"Where others were not successful, David got away with this for 25 or 30 years," he said. "Really, we don't know how long it went on because no one knows when or where it started."
The meeting with church officials concluded with "the four of us praying together," he said. "I got up and started to leave, but David asked me to wait a minute. While I was standing in the office, he went to a copying machine and came back with a one-page devotional on forgiveness. He asked me to read it and think about it. I took it and turned around and walked out.
"It's one of those moments that haunts me. He was allowed to continue directing the youth. They (church officials) could have and should have done something more, but they didn't."
Though Pierce didn't deny the victim's accusations, he did have an excuse, the victim said.
"David had a great explanation for all of it," the victim said. "He said it was 'a rough patch in his life.' He said it was something he had worked through and was no longer an issue for him, no longer something he engaged in. We obviously know at this point it was a lie, and I had no doubt at the time it was.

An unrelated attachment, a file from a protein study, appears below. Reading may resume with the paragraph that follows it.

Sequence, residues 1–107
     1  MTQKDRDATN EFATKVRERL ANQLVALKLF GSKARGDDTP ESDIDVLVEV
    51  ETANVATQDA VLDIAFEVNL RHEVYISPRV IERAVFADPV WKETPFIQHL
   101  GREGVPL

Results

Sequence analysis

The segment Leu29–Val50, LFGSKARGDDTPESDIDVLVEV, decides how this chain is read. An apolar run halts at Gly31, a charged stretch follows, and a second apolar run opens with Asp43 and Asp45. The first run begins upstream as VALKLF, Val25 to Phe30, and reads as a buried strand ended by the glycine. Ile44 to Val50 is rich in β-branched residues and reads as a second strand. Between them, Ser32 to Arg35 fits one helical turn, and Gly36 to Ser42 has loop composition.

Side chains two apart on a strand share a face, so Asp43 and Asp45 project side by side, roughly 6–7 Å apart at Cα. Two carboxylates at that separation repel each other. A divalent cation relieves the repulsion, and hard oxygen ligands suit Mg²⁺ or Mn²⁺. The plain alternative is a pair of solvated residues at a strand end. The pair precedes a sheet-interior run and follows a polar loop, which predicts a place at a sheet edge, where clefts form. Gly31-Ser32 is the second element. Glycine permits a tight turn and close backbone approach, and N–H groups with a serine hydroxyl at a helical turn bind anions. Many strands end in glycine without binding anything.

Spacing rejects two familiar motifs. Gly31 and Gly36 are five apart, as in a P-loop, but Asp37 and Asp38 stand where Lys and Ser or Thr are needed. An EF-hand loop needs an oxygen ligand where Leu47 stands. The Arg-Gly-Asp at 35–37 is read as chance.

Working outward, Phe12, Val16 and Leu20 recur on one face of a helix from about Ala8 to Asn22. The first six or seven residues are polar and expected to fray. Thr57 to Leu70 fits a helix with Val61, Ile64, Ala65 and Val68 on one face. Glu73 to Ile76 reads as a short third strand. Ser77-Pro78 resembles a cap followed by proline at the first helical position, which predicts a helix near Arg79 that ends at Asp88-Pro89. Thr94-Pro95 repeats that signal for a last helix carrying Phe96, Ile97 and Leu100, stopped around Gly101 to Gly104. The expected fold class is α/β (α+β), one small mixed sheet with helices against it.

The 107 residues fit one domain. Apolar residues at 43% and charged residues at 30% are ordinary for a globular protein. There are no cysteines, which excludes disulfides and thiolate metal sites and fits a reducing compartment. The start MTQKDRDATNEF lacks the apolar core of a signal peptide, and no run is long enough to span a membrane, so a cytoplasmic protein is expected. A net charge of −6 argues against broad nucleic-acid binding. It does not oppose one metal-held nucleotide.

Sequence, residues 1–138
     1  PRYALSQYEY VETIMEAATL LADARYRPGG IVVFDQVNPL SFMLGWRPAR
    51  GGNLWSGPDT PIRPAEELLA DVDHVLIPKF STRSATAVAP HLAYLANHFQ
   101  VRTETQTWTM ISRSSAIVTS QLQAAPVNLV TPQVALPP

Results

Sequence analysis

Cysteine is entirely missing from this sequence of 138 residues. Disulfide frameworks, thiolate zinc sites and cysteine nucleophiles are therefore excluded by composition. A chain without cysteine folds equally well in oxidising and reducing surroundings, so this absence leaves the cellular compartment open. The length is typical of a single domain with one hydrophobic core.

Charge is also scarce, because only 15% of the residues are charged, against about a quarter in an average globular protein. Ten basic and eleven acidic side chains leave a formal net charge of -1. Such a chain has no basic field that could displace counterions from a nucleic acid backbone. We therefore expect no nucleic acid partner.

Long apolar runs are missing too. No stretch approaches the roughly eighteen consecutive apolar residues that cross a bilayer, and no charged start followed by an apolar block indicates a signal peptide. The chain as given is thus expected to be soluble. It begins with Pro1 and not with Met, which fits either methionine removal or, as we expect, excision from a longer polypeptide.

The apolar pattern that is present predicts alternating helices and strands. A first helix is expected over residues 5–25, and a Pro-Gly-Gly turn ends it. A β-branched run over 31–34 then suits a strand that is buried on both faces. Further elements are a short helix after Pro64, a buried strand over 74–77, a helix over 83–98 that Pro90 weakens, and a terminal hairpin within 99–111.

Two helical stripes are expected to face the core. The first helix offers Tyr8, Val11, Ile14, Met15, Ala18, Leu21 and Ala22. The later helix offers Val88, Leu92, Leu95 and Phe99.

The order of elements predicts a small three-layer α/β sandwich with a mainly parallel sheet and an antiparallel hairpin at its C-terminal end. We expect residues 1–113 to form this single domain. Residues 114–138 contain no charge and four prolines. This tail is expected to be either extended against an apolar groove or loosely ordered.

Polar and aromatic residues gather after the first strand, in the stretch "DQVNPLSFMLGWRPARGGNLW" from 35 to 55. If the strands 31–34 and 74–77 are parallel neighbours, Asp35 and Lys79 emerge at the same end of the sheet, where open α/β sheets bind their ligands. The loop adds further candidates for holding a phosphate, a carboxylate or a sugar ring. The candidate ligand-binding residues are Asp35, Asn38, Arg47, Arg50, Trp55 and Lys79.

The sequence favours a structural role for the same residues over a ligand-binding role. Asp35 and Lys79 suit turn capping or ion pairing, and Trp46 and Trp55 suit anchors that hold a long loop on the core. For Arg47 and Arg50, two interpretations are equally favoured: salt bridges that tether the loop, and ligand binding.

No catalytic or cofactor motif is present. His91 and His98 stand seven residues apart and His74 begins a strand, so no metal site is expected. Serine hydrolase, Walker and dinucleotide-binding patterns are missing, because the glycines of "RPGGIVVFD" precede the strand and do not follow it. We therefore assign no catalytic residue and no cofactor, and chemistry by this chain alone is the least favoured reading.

"It's pretty obvious looking back on it that the way they (church officials) chose to handle it when I came forward and the way they later chose to handle it with the congregation — they told the church that David was being terminated for 'some serious moral issues' — that they were protecting the congregation or protecting David's family or trying to protect the church. In hindsight, it appears this was something they did not want to become common knowledge.
"Part of what bothers me is that I felt like for really no reason that I had an obligation to protect those kids who were still in youth choir," the victim said. "I don't understand that they didn't share this and see this, but he was left in complete control of the youth choir until he was terminated. I didn't understand it then and I still don't now."
Victim predicts future acts